How to Get a Restraining Order in Florida

Dealing with a violent person, be it a spouse or friend, can be a traumatic experience. You shouldn’t have to go through verbal or physical abuse; not even for a second. If you’re being abused, consider filing a restraining order in Florida. This process is relatively simple if you follow these procedures.

Filing for a Restraining Order in Florida

Choose a Restraining Order Type

There are several different restraining order types you can get in Florida. These include:

  1. Stalking
  2. Dating violence,
  3. Domestic violence,
  4. Repeat violence, and
  5. Sexual violence

To choose the correct type for your particular situation, you need to know what these legal terms mean.

Domestic violence is when violence or aggressive behavior occurs between individuals that live in the same household. Dating violence is defined as abuse between two people who are strictly dating. Often, the abuse comes when one party tries to control another.

Repeat violence can occur between a victim and another party, whether it’s a neighbor, a co-worker or stranger. At least two incidents need to have occurred. Finally, sexual violence is defined as a party forcing another party into sexual acts against their own will.

Think carefully about the party you’re trying to get a restraining order against, so you can select the right type and move forward with this process without any hiccups.

File a Petition

Once you’ve selected the correct restraining order type, you’ll need to follow up by filing a petition. You can do this online, where you’ll have access to all of the appropriate forms, or you can also file in person at the clerk’s office. Basic personal information is required, such as where you live and the relationship you have with the party you want a restraining order against.

The allegation segment is perhaps the most crucial part of these forms that you’ll fill out. This is where you describe, in detail, what type of abuse has been happening. You’ll also be required to give accurate dates and describe the severity of the abuse.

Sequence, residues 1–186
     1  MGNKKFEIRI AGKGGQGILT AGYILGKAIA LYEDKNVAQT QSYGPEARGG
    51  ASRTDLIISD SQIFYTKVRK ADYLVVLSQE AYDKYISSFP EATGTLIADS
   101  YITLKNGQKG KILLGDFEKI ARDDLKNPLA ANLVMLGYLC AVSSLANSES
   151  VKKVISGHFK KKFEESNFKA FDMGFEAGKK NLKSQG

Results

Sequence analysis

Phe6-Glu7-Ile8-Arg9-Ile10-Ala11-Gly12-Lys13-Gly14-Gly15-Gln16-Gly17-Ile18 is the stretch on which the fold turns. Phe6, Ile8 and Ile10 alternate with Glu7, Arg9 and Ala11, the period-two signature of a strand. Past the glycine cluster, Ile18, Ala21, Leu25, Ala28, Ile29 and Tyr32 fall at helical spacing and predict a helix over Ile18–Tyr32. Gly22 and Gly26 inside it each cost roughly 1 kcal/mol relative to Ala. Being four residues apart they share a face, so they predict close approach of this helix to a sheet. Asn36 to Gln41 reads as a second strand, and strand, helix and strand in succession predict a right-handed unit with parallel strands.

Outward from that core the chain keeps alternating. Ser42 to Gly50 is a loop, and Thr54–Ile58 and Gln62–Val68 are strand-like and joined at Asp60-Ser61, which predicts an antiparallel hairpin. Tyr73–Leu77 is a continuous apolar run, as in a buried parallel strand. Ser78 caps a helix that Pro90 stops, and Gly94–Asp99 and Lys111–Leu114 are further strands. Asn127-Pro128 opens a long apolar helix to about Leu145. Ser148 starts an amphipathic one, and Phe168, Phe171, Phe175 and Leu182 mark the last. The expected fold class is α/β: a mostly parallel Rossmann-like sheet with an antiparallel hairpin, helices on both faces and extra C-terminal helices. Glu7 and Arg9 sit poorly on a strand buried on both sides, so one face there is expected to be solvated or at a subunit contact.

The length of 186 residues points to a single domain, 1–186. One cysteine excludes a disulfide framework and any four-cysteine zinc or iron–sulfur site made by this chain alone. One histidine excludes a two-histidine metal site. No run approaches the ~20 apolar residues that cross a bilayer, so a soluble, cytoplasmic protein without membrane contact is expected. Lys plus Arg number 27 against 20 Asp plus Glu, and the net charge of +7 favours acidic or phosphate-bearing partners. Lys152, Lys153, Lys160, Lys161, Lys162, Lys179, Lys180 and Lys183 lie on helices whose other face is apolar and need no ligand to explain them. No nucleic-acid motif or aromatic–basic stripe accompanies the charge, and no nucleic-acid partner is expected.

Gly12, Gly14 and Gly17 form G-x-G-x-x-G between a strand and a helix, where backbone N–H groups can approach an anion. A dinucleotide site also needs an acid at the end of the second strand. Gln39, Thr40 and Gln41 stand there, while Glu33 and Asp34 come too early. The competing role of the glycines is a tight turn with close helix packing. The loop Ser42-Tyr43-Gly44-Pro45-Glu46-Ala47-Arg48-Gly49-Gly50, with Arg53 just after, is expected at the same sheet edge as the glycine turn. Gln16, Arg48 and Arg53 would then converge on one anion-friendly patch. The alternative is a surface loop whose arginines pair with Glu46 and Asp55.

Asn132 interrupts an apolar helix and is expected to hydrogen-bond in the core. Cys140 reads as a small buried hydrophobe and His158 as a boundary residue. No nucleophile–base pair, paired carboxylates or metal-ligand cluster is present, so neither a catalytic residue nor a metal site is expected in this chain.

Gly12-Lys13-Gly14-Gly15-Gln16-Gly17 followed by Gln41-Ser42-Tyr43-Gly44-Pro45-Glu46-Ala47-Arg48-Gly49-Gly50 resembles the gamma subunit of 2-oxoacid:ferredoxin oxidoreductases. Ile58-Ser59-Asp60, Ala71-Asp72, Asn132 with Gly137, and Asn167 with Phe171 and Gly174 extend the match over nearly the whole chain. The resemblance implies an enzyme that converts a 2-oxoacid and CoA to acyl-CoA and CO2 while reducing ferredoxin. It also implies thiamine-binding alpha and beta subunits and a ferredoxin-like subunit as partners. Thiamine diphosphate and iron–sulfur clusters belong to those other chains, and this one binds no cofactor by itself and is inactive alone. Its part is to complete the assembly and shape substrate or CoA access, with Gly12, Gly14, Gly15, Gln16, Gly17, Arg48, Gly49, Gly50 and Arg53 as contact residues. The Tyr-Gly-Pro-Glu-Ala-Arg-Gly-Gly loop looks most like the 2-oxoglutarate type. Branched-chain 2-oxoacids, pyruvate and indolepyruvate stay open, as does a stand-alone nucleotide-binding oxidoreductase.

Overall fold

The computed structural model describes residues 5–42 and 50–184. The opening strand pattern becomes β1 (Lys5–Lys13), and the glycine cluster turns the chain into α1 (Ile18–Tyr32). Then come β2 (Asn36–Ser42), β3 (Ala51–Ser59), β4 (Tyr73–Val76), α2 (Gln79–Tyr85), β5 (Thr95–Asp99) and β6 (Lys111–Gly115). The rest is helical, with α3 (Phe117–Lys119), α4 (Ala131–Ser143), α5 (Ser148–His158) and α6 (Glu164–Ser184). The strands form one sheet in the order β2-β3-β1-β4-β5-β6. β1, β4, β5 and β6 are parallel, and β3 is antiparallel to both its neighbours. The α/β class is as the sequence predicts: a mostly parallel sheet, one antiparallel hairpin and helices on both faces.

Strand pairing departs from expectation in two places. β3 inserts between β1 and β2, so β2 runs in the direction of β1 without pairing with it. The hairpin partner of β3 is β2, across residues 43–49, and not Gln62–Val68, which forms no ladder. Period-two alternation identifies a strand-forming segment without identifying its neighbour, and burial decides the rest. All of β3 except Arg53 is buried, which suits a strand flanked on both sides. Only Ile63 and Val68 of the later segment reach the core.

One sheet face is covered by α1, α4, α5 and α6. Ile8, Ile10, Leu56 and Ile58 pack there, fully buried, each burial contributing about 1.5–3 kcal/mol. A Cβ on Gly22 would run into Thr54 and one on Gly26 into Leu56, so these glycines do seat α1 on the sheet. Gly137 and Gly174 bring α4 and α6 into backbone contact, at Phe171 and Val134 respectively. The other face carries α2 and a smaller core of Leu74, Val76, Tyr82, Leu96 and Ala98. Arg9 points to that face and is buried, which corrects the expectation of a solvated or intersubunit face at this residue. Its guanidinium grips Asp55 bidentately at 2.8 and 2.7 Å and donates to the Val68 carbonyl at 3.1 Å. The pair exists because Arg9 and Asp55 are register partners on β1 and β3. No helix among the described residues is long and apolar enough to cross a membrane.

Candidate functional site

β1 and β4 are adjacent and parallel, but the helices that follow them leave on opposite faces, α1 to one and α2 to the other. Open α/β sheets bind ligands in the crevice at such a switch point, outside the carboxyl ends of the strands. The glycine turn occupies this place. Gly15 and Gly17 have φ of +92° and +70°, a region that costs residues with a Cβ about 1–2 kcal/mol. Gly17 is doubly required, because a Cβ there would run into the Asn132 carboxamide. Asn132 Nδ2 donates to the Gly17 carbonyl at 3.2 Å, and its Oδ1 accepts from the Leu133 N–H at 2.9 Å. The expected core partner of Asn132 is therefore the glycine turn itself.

Once this portion is completed, double check to make sure there are no inconsistencies or errors present. After submitting the petition, a judge will review it as quickly as possible. If everything checks out, they’ll grant a temporary injunction (restraining order) until your scheduled court date.

Attend Your Court Hearing Date

The hearing date in court is the most important aspect of this entire process, as this is your opportunity to present evidence and show why a restraining order should be filed against the abuser. The respondent may or may not show up. If they don’t, the court proceedings will continue, and the judge will rule based on any evidence that you or your criminal defense attorney presents.

If they do show up, however, the respondent has the chance to provide their own evidence and counter your claims. After both cases are presented, the judge will either grant you a restraining order (temporary or permanent) or they will deny it.

No one should ever have to deal with abuse, and if you’re put into this position, don’t delay. File a restraining order in Florida promptly. This process will go smoothly if you fill out the appropriate forms correctly and follow up with the upcoming legal proceedings.